Beautiful Evidence by Edward Tufte The largest of the four books in this series by Edward Tufte, Beautiful Evidence is a welcome addition. It includes excellent examples of graphical excellence, in equally excellent production, which lead to general principles of presentation of data. I encourage you to take Tufte’s own advice about consuming evidence presentations; skip this second hand discussion of his book (i.e. the rest of this post) and go straight to the primary resource, Beautiful Evidence itself.

My favorite aspect of Tufte’s books are the examples: both good and bad. The good for examples to emulate; the bad for the humor.Beautiful Evidence is no exception, there are hundreds of images, graphs, diagrams, tables, and arrows in this book. The most notable bad examples come from the chapter on PowerPoint presentations (available as a separate pamphlet). The most notable good example is the extended discussion of Minard’s data-map of the French invasion of Russia, a Tufte favorite. Even the good examples are often dissected to find weaknesses.

Tufte lists his “principles for the analysis and presentation of data” as:

  1. “Show comparisons, contrasts, differences.”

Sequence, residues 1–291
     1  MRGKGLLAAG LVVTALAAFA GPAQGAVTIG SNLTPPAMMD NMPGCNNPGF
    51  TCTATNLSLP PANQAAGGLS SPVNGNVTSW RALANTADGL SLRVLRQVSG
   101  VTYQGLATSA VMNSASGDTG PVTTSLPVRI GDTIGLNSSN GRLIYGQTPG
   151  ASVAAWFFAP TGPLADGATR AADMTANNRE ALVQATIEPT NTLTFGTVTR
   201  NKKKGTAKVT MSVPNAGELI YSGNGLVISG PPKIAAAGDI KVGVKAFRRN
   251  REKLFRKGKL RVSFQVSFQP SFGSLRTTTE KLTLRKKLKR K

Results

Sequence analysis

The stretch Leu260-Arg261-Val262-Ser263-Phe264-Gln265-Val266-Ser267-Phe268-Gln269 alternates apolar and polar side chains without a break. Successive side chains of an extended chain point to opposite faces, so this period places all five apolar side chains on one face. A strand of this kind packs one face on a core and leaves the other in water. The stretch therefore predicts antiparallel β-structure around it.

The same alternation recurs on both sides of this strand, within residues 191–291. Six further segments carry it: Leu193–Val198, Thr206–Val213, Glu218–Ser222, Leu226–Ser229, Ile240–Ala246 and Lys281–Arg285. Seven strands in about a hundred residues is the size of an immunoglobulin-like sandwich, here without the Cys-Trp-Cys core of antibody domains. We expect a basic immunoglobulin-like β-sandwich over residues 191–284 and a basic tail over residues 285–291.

2. “Show causality, mechanism, explanation, systematic structure.”
  3. “Show multivariate data; that is, show more than 1 or 2 variables.”
  4. “Completely integrate words, numbers, images, diagrams.”
  5. “Thoroughly describe the evidence. Provide a detailed title, indicate the authors and sponsors, document the data sources, show complete measurement scales, point out relevant issues.”
  6. “Analytical presentations ultimately stand or fall depending on the quality, relevance, and integrity of their content.”

It would be worthwhile to collect the various principles listed in the other books.

I thought the sparklines chapter was most informative; this was interesting material that really brought something new to the discussion. The “Corruption in Evidence Presentations” chapter was also very valuable. The sculpture pedastal chapter was my least favorite. I can (somewhat) understand why it’s there, but it’s not really what I’m looking for in this book. Much of the other chapters were material that were touched on in his other books, but are discussed and summarized with examples here.

One thing I would like to see is a combined index for all four books. Frequently I remember I saw something in one of them and it always seems like I have to check the index of all three of them (now all four) before I find it. It only gets worse as more are added. The books don’t seem to be in Google Book Search yet, either.

Tufte says in the introduction that there will be at least five books in the series (Beautiful Evidence is the fourth). The previous three, in order, were The Visual Display of Quantitative Information (“pictures of numbers”), Visual Explanations: Images and Quantities, Evidence and Narrative (“pictures of nouns”) and Envisioning Information (“pictures of verbs”).

This post follows up on a previous post about pre-ordering Beautiful Evidence. Also, see posts about IDL implementations of sparklines and dichotomous sparklines.